The HCI constructed for 157 countries measures how much countries lose in economic productivity by under-investing in their people.
Specifically, it conveys the productivity of the next generation of workers compared to a benchmark of complete education and full health.
Nigeria’s HCI at 0.34 indicates that a child born in Nigeria today will be 34 percent as productive when she grows up as she could be if she enjoyed complete education and full health.
- Nigeria central bank gives N864bn to 4.1m farmers in 5 years, says…
- Viathan Funding’s N20bn working capital CP registered by FMDQ
- NGX tasks government on capital market exploitation to tackle…
- Afreximbank plays key role in Fidelity Bank’s successful $400m Eurobond issuance
- Arms proliferation and insecurity in Nigeria
This performance is lower than average statistics obtained for countries within Nigeria’s region and income group, the World Bank data explained.
The HCI data similarly shows that, globally, 56 percent of all children born today will grow up to be, at best, half as productive as they could be; and 92 percent will grow up to be, at best, 75 percent as productive as they could be.
This means that 56 percent of children born today across the world will lose more than half their potential lifetime earnings because governments are not currently making effective investments in their people to ensure a healthy, educated, and resilient population ready for the workplace of the future.
According to Jim Yong Kim, the president of the World Bank, the implication of this performance is profound, because as low skill employment begins to go extinct, the requirement to obtain employment will continue to go higher and higher.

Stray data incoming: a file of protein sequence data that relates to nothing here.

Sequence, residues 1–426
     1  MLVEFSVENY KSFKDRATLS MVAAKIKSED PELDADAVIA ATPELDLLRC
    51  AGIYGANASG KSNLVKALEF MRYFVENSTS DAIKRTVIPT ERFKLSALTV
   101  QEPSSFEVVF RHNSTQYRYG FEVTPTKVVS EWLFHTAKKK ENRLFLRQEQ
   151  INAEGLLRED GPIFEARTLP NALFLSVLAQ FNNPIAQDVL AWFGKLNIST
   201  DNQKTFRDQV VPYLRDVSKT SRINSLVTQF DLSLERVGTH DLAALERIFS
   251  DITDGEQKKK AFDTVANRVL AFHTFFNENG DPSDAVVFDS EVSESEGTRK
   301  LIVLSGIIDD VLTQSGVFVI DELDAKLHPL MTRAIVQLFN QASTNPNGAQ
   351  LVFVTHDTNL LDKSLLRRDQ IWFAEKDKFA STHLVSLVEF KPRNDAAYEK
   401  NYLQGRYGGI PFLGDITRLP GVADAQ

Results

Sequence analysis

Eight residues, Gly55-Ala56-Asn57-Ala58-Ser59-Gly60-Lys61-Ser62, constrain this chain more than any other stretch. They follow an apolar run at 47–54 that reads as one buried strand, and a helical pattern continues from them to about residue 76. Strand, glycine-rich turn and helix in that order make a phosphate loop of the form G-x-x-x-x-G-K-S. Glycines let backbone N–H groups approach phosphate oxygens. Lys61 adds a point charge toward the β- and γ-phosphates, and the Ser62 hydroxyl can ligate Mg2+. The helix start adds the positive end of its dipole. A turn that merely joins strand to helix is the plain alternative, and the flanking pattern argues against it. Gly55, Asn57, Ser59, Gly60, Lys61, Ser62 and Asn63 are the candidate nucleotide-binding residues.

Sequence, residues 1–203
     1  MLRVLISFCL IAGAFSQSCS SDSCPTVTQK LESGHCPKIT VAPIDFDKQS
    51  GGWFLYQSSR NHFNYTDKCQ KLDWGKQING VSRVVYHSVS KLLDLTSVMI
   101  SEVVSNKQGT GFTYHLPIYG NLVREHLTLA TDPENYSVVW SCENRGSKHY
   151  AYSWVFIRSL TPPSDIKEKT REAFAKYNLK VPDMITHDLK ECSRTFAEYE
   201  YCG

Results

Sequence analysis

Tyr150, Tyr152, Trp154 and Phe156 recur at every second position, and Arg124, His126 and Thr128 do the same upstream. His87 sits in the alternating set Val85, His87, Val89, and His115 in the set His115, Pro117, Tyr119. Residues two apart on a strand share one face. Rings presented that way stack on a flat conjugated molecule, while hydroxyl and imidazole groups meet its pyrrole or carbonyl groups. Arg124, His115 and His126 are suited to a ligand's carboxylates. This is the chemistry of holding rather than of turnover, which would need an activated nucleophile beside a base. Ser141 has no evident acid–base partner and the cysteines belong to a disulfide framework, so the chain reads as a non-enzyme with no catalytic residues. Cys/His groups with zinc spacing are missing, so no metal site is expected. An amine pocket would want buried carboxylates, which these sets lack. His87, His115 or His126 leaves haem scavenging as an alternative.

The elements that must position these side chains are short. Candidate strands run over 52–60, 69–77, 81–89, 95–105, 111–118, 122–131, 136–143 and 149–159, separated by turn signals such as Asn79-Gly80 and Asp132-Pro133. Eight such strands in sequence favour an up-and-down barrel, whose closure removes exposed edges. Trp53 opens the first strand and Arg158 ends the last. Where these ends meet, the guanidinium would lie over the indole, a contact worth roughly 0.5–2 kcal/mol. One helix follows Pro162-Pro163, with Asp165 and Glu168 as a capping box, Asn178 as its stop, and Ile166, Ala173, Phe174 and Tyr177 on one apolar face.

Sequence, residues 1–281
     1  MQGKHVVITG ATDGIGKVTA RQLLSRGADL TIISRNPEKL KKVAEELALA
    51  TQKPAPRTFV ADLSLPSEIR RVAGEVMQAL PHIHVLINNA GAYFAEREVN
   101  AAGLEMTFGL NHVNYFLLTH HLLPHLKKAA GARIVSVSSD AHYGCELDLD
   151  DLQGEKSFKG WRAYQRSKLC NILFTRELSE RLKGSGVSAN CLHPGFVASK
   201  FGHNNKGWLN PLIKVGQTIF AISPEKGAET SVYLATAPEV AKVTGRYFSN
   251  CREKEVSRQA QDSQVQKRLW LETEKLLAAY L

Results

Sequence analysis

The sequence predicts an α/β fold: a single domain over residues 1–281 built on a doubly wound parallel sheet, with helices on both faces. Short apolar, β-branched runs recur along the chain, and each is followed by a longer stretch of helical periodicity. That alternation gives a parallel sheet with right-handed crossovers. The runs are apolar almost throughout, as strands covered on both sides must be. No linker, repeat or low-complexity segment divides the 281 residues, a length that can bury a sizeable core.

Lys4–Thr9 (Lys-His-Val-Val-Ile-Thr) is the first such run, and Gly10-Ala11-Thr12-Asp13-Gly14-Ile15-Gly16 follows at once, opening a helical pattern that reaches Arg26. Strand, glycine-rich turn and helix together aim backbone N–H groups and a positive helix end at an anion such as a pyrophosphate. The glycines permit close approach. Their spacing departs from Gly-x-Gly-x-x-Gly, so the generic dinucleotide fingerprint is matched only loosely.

He noted that human capital is a key driver of sustainable, inclusive economic growth, but investing in health and education has not gotten the attention it deserves.
“So, this is a very loud and strong message to Africa, to invest more in health and education.
The message here is that heads of state and ministers of finance have to take responsibility.
There is so much waiting for grants to come and what is happening in many African countries is if they don’t receive grants they simply don’t spend on health and education.
We hope this is a loud wake up call to African countries especially Nigeria,” Kim said while speaking at the press conference in Bali Thursday.
The HCI is one of the elements of the World Bank’s Human Capital Project, which seeks to raise awareness and increase demand for interventions to build human capital. It also aims to accelerate better and more investments in people.